July 2, 2023


I saw Raymond Blanc make this version of the classic ratatouille in his TV series "Simply Raymond" a few years ago.  It's not easy to find on the internet but at the time of writing you can see it here.  It is obviously also in the book that goes with the series, which is full of great recipes.  I found a brand new copy in a UK charity shop for £2!  

(I would put Raymond Blanc on my list of famous people I would invite to dinner if I could choose from anyone living or dead.  I reckon he would get on well with some of the other guests (yet to be revealed) as he's such a sweetie pie.  Mind you, I would be nervous about my cooking skills so maybe I would invite him to get here early in time to cook dinner..............!!)

This recipe is my interpretation of Raymond's version of the classic dish.  I usually make it from what I have in the fridge (or growing in the veg plot) and only include an aubergine if plan to make it and happen to be going to the shops.  Also, Raymond uses 4 large tomatoes but I often use a tin of whole cherry tomatoes instead.

It's quick, easy and delicious, goes perfectly with barbecue food, sausages, chops, roast salmon or cod.  It's also excellent on its own with pasta or new potatoes.  The cold leftovers go well with a ham and egg or tuna salad, AND it makes an excellent base for home made soup (see here). The recipe is easy to size up to feed a crowd.

In fact the very first time I had ratatouille was in the 1980's without realising what it was.  I had gone to join some friends on their camping holiday in Italy.  They were both teachers and at the start of the six week school holidays they took their caravan to Tuscany where they camped on a beautiful site just outside Siena and stayed until it was time to come home and go back to work in September.  In my job I only had two weeks to take during the summer and they invited me to join them.  I got a flight to Rimini then an overnight train to Bologna where they picked me up at the station.  Quite an adventure for someone who had never been to anywhere warmer than Cornwall!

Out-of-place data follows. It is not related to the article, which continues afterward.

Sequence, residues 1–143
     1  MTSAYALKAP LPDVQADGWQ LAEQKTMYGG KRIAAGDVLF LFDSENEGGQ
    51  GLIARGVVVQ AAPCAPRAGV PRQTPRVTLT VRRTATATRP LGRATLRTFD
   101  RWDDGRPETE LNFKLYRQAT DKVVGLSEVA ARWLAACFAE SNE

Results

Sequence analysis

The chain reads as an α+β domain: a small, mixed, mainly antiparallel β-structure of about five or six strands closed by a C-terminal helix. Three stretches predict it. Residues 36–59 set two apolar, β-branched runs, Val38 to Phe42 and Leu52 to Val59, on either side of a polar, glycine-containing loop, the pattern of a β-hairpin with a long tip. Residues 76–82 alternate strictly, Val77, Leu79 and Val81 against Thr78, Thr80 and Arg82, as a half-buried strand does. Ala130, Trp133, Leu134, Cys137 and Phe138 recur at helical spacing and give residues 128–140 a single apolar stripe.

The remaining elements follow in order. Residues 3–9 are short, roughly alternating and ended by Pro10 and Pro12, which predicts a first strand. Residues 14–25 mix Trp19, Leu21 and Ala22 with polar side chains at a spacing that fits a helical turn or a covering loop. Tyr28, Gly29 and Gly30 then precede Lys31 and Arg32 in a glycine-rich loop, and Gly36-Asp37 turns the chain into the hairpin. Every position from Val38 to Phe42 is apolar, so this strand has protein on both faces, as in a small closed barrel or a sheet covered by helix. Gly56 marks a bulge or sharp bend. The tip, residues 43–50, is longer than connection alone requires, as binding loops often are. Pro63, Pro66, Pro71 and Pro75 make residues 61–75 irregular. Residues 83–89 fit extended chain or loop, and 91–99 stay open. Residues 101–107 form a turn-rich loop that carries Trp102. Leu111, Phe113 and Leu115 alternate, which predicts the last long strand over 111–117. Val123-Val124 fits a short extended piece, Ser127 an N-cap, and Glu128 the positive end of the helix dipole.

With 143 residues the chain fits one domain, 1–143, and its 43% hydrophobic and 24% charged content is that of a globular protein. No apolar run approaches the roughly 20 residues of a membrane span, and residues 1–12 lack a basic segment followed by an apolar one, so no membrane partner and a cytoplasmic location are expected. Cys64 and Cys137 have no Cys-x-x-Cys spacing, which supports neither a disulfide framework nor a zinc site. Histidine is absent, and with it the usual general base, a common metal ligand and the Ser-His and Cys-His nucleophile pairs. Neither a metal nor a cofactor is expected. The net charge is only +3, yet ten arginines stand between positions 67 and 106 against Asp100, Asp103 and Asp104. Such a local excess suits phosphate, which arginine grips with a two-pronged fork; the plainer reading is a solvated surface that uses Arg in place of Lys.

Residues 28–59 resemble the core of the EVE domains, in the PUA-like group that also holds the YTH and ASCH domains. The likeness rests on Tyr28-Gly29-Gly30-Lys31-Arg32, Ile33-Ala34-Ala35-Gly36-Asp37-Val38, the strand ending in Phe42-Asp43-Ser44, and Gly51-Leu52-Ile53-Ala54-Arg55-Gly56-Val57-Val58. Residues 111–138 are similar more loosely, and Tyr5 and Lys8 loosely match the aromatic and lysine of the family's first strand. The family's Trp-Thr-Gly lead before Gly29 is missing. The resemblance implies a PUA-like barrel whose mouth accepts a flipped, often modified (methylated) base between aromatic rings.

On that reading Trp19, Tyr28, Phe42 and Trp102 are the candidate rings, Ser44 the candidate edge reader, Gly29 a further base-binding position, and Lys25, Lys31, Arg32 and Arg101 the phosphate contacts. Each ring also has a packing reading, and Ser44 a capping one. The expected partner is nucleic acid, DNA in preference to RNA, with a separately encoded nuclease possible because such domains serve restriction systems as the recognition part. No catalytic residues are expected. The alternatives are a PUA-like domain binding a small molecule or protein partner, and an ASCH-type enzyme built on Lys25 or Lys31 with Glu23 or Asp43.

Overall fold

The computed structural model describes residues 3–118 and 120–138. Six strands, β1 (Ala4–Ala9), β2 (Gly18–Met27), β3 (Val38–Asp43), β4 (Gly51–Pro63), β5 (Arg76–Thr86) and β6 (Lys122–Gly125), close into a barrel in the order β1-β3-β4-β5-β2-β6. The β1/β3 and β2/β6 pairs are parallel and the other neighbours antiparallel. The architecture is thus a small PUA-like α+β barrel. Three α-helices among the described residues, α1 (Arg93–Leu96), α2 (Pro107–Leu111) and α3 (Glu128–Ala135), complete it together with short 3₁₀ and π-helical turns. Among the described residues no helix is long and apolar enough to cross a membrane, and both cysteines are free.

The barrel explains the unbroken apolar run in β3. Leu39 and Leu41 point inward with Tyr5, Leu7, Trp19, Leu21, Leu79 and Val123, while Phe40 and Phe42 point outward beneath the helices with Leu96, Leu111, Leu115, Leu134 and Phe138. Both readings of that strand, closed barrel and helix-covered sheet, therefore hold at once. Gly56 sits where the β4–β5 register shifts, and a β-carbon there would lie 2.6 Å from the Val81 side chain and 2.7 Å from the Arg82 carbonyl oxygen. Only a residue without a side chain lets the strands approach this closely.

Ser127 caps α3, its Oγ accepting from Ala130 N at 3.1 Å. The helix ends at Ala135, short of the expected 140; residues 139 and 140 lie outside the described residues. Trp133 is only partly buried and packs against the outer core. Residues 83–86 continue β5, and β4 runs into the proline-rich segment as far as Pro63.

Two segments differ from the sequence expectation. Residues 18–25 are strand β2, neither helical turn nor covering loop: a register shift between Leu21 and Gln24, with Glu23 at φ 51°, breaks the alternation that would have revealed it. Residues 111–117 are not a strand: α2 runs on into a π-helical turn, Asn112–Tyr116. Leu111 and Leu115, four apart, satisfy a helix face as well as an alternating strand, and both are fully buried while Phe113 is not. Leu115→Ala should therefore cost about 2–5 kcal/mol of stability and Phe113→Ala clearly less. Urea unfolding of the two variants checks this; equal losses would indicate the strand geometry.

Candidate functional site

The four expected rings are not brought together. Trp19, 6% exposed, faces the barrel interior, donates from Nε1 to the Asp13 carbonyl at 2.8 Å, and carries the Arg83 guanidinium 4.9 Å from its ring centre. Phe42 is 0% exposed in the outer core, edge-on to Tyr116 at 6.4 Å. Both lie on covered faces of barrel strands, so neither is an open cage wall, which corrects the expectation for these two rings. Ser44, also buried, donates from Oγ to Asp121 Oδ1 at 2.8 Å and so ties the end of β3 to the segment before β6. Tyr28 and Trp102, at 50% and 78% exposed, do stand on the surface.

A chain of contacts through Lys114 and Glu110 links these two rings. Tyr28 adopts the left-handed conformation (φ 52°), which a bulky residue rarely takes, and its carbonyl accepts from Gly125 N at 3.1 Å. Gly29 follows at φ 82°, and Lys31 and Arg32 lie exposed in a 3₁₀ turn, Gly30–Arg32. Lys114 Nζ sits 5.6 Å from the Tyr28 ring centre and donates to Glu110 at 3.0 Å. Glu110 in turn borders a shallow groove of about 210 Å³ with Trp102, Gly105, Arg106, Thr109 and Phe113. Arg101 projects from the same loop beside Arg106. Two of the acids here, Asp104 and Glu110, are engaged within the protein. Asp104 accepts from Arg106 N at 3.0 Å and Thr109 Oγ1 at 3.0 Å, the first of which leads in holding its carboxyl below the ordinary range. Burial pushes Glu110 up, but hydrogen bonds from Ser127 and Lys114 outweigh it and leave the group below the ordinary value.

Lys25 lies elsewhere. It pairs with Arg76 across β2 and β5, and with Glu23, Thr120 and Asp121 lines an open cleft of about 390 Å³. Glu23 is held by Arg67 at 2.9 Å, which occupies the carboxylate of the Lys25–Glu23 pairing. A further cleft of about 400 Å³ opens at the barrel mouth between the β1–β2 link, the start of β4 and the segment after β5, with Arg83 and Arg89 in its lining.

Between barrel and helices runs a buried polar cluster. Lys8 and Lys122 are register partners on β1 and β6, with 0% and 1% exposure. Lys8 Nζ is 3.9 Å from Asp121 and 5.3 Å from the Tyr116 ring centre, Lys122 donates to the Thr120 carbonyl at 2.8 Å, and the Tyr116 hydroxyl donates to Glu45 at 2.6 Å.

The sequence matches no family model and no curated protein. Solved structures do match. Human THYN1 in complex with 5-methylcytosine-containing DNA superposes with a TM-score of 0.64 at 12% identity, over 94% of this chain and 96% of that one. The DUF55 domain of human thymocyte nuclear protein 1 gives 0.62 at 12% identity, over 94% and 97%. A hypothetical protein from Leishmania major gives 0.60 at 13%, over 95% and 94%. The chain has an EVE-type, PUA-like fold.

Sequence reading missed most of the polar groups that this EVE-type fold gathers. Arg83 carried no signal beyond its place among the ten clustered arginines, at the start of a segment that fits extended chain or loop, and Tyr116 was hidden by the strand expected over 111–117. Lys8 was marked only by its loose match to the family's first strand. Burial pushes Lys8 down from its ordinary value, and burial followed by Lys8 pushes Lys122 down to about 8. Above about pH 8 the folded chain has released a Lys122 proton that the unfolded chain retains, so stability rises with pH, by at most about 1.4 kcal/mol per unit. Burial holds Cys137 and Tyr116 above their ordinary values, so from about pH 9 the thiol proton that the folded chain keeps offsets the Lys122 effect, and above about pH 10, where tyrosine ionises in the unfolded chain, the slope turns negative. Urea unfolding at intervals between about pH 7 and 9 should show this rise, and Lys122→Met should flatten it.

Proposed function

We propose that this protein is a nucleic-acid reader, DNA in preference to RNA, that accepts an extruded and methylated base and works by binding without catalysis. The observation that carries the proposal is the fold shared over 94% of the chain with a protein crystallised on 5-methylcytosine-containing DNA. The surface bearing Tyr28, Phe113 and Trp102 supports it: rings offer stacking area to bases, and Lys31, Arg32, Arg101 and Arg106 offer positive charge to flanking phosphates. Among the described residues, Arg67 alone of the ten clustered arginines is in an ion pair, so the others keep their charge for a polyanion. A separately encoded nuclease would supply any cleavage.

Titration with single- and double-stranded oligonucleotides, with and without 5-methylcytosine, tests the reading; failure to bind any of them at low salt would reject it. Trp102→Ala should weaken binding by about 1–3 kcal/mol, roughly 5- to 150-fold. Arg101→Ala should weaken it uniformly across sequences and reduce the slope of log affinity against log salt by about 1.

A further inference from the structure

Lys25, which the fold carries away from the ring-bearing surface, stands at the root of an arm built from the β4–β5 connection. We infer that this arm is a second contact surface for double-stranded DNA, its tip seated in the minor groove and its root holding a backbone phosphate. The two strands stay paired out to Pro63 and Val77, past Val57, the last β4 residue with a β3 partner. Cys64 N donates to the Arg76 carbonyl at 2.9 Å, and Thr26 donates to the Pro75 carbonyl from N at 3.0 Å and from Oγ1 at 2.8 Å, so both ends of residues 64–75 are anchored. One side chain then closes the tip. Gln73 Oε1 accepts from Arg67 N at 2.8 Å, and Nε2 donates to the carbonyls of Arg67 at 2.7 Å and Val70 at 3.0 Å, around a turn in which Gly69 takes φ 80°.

The camp site was wonderful, situated on a hillside in dappled shade with a fabulous swimming pool.   The view over the Tuscan hills was amazing.  On that first evening my friends cooked what they called "pasta with vegetables", outdoors where their camp kitchen was set up, and it was, essentially, ratatouille, served simply with a bowl of pasta.  It was so delicious that we had it several times that holiday and I made it myself regularly at home afterwards, long before I discovered it was a version of the famous Provence dish.


1 aubergine (optional)

1 onion, peeled and chopped

2 cloves garlic, peeled and chopped

2 courgettes, 1 yellow, 1 green

1 red pepper, seeds removed

1 tin cherry tomatoes in juice or two large tomatoes 

1 tsp herbes de Provence

A few mushrooms 

1 tblsp olive oil


Heat the oil in a large saucepan.  Add the onion and garlic and cook until soft but not browned.

Wash, trim and roughly chop all the other veg and add to the pan.  Add the tin of tomatoes and about half a tin of water.  Add the herbs and season with salt and pepper.

Cover and cook over medium heat for 6-8 minutes until all the veg are just tender.

Makes four generous servings or more as a side dish.


  1. Some months ago, a friend said that if I got a grobag, he'd give me three courgette plants for it [as he did last year] Bag is ready and waiting...but no sign of the plants. I suspect that he has other things in his mind as has forgotten. |I suspect it is too late for me to grow any now. Maybe one of my neighbours, or friends at church will share their courgette glut later...

  2. There's no way I'd want RB to come to dinner. I'd be too worried about getting things wrong. I think he's very keen on the details and I'm not sure I am. Ratatouille is one of the dishes that I make a lot but don't talk about much because there are some very strong opinions about it. I absolutely MUST include aubergine or my wife refuses to talk to me for days and I must admit that I still cook some of the ingredients separately and combine them near the end in case some very stern southern French cooks I've come across in the past ever catch up with me.